Help. Little tics around 6000-8000Hz. Not mouth noises

And what happens when you try recording on each other’s equipment?

What he said.

You could try bypassing PulseAudio.

You could try bypassing the computer.

Now on sale at Sweetwater Audio.

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That, pretty much as you see it is how I recorded my technically perfect ACX test submission. People have posted on the forum using Zooms H1 through H6. Granted you still have to buy the memory chip and batteries, but since it has nothing to do with the computer, the sound is perfect.

I believe you can leave the USB cable connected and not have to use the on-board batteries. You can also use it hot as a computer-connected microphone, but I wouldn’t do that at gunpoint.

I’m down for a 9 hours audiobook!

You can troubleshoot your machine while you’re recording your audiobook. If you find out what’s causing this, post back. Nobody has ever solved this.


The accessory package comes with a wall power supply.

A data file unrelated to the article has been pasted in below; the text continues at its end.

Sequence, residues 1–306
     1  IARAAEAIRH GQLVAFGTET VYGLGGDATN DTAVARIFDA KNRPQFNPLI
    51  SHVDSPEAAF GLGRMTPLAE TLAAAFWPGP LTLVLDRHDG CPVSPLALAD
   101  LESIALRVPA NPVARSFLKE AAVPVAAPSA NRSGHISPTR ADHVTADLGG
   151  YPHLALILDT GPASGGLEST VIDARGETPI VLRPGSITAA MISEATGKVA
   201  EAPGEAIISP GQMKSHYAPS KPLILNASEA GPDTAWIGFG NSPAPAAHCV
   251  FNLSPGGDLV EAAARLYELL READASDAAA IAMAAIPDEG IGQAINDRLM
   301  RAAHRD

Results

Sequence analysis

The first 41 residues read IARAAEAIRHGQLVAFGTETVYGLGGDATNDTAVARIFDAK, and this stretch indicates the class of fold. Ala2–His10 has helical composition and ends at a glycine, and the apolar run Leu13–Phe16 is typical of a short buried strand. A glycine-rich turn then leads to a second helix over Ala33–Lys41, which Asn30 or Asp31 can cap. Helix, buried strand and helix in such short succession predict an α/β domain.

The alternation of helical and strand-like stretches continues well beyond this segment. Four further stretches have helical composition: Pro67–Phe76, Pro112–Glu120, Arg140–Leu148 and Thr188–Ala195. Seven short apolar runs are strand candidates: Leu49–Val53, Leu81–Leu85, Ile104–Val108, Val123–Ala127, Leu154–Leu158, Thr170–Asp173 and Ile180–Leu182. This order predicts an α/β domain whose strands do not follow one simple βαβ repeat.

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Mine came with no memory chip and I contacted the company and complained loudly about that. “The recorder comes out of the box unusable!!” I know this unit used to come with the smallest-possible memory chip to get you going, but the later ones don’t. This wasn’t a big deal for me since I live in Los Angeles and I’m two miles from a store that stocks chips, and Sweetwater did offer to send a chip, but if you live in Middle-Of-Nowhere, this could be a problem.

I told them their advertising needed to be very clear about this.


From memory, one paper towel roll wasn’t high enough, so I used three bathroom rolls instead. You can wear your engineering hat for a minute. The rolls put the microphone at appropriate height, they’re acoustically dead and they don’t transfer vibration from the desk.

I also used oblique positioning (B), not straight-on.

That helped with the signal to noise and greatly reduces P-Popping.

The recorder produces stereo—two channel—and I mixed it down to mono for submission. That adds the voice volumes and reduces random background noise as the square-root of the doobly-do.

A separate recorder also gave me an automatic hardware backup for the performance.